It's why I became a counsellor. Who better to understand a client's needs, than someone who has been through similar experiences?

    1. Unfortunately the deal with me and the movies is bordering on a phobia. My own fault because I am not working on it the way that I should. I realize the initial trigger isn't my fault, however, the worsening of the trigger could be avoided through exposure because my personality dictates I am strong enough for exposure - which is how I was able to continue sexual contact etc. without repercussions. I just did it. That's why I continue to go to Dez's site (Hollywood Spy) and work on that particular trigger. I'll get there dammit!! =)

      The nightmares I worked through by waking up and writing them out or if Devin was awake, I'd talk through them. Those didn't last for to long after disclosure and this time I only recall two.

      I've wanted to become a counselor since I became sober twenty years ago but I didn't have the $ to go back to school for that long and now, at the age of 42...I don't have the $ or the time. I don't think I'd even pass a test, unless it's call "street smarts" LOL

      You are far to kind, lily =)

  8. I think we know by now that your posts typically tend to be a bit long but has it stopped us from reading? No! Those of us who care are going to read anyway so don't bother with the the cat said, it just makes it even that much longer! lol

    So many tools to use at your disposal. Thanks for sharing! Blogging does help but if you have noticed in my series of depressing posts, I was quick to jump to conclusions. I might feel one way on one day and then the next day is opposite!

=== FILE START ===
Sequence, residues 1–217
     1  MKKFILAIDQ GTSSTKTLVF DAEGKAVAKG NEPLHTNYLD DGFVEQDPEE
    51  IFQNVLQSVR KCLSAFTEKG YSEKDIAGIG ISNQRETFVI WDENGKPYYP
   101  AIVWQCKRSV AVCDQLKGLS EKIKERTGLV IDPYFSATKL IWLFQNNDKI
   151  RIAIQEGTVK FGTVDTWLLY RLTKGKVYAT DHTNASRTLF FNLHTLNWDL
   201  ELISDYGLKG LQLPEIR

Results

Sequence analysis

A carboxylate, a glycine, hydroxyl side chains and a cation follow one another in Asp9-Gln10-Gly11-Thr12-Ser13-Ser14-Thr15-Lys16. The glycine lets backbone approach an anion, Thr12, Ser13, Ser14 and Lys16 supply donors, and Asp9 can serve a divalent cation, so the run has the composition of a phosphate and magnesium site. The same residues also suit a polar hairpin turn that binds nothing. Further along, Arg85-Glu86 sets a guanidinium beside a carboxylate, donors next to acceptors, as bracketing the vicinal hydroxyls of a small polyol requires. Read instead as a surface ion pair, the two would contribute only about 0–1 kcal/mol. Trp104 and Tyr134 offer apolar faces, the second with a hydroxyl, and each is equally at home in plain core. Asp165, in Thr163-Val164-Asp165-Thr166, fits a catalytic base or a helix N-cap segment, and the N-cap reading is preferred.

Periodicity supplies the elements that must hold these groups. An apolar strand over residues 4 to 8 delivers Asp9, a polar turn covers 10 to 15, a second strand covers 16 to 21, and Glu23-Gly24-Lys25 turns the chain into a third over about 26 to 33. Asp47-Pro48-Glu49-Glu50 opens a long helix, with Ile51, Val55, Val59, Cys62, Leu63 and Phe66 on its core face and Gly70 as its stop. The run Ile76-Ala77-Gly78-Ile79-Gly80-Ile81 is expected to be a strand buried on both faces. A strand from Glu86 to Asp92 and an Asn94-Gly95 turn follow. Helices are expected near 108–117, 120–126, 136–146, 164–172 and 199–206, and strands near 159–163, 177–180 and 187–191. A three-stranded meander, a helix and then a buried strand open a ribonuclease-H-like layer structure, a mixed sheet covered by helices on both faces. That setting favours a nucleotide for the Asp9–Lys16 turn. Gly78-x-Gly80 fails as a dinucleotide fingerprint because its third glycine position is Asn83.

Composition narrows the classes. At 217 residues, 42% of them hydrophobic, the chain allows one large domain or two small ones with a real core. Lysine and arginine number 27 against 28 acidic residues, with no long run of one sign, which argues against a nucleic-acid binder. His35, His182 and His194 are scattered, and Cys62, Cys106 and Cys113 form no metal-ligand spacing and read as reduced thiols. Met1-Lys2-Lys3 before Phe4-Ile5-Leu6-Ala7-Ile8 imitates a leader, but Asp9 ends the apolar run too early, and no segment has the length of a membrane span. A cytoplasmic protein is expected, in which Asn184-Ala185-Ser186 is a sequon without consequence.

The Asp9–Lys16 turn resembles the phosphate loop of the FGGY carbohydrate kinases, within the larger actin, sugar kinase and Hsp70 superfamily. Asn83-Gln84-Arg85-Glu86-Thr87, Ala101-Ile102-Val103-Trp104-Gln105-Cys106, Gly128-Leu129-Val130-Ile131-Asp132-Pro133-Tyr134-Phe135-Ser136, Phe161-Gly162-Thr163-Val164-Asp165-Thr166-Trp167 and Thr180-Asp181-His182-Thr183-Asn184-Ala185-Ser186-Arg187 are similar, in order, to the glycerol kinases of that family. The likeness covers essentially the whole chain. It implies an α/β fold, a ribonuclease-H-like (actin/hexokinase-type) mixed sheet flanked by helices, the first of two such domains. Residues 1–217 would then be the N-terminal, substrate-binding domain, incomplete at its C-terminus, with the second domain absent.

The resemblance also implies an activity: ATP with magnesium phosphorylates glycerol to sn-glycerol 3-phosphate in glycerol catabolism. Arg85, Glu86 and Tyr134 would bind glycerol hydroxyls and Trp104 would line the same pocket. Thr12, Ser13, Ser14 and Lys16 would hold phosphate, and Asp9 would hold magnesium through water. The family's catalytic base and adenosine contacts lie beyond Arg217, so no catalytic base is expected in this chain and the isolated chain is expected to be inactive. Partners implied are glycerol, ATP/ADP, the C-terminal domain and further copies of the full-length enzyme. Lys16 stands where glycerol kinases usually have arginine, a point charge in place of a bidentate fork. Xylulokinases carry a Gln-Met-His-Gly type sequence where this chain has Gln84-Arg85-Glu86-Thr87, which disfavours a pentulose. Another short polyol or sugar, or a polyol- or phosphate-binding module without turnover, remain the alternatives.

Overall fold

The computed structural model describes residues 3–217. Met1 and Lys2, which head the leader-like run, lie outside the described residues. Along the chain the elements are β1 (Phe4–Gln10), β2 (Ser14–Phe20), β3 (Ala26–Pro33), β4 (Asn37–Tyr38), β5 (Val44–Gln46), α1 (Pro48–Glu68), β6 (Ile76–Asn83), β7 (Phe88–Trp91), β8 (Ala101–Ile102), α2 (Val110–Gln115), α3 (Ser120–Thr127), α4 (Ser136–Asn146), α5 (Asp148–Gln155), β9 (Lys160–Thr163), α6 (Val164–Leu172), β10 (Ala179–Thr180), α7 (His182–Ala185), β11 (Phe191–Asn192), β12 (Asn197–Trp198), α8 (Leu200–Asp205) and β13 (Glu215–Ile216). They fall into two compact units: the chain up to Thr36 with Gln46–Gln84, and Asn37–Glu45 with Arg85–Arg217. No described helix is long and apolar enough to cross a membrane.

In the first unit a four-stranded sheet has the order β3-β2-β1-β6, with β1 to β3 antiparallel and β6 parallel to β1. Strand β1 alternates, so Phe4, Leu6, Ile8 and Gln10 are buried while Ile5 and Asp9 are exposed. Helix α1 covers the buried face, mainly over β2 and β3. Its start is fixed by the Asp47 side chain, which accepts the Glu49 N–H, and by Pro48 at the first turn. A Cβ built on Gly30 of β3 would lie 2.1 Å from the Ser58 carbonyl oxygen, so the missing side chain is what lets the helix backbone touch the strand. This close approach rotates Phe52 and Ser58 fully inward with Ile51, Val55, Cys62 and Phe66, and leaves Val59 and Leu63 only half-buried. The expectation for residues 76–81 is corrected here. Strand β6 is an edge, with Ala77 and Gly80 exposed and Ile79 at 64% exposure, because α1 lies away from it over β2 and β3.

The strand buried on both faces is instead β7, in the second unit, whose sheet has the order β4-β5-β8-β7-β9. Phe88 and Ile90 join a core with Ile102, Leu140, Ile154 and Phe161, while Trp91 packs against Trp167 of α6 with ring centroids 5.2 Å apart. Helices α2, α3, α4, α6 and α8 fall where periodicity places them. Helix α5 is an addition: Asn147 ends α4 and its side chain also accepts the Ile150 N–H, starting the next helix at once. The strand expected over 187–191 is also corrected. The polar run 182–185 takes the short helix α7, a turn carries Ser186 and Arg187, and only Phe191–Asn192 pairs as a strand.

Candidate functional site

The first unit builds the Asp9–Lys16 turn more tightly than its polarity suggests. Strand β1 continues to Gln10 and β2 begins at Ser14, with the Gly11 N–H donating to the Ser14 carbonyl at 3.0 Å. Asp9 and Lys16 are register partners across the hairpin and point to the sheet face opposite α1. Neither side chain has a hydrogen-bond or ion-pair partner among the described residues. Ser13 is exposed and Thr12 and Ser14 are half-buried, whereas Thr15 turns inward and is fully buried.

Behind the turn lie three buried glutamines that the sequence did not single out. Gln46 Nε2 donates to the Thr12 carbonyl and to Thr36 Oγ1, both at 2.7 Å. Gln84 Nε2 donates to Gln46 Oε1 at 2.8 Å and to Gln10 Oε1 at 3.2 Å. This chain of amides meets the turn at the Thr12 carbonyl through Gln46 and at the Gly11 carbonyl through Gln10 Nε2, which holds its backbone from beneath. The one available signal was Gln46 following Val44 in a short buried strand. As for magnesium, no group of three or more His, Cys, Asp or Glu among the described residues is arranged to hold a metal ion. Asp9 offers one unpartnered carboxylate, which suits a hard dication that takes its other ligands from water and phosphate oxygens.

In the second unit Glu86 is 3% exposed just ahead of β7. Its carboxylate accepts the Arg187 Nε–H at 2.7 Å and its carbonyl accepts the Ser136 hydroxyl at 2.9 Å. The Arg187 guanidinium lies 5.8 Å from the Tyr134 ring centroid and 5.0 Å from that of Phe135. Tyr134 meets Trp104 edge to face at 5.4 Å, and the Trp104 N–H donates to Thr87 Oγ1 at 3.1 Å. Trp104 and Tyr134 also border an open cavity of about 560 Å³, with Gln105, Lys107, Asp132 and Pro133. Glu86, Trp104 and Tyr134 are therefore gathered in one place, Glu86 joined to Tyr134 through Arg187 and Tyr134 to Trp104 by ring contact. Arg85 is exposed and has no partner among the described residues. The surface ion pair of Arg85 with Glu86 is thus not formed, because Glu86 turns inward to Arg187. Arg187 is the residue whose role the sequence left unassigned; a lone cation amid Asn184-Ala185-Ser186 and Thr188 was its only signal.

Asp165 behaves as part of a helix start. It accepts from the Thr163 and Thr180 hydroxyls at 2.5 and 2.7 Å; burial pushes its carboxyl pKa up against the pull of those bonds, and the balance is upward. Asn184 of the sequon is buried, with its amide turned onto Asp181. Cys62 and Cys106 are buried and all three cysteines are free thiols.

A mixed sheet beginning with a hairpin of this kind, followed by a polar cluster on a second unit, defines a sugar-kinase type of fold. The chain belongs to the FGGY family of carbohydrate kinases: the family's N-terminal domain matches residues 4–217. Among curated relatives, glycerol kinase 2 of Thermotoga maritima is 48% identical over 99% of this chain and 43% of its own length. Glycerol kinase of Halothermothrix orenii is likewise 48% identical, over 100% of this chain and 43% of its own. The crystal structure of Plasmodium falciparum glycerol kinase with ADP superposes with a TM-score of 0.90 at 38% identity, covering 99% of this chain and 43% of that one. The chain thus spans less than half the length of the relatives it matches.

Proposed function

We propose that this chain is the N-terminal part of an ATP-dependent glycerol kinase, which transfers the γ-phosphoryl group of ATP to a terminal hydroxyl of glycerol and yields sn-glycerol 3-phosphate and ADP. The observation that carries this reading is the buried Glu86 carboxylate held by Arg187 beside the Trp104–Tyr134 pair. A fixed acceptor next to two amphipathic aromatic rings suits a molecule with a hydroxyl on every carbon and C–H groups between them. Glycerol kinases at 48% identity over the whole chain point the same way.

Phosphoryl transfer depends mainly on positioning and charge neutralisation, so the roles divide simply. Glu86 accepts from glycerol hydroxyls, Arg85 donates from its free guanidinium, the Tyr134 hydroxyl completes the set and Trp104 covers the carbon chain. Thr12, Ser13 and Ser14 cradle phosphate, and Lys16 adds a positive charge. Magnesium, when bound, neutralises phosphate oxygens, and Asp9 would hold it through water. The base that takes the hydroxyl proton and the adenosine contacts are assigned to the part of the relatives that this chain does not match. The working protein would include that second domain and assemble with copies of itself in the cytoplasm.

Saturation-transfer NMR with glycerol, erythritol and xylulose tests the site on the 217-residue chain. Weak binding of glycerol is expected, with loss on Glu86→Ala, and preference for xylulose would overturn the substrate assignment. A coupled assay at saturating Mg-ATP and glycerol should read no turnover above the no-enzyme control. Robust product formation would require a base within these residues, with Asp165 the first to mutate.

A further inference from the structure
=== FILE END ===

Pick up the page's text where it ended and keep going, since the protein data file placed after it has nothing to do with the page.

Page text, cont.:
I just think that goes to show that our minds are scattered with possible answers. It's hard to control our thought process and how we react to things. I feel like I am one fucked up individual...and that I'm perfectly normal because of it. Irrational thoughts are just a part of being human.

    I find the best tool for me is to just be myself. No lying to myself or trying to change things that I can't (or don't want to). As long as I'm honest and true to who I am, then things work themselves out. I have triggers too, there is no stopping them. I just let them pass on by. Difficult, yes. Sometimes I want to lash out in anger. But then I think to myself "Anger is just a blindfold, hiding the truth from us" Let it subside before taking action.

    Not sure where I'm going with this. I always feel like I'm telling you things you already know. Just being me I suppose!

    1. Wait a minute...are you siding with the cat??? How dare you!!! For that, my warnings will be SIX paragraphs long!

      It's very hard to control our thought process and when we are hit with something so damaging it's even harder to stop that process from spinning out of control.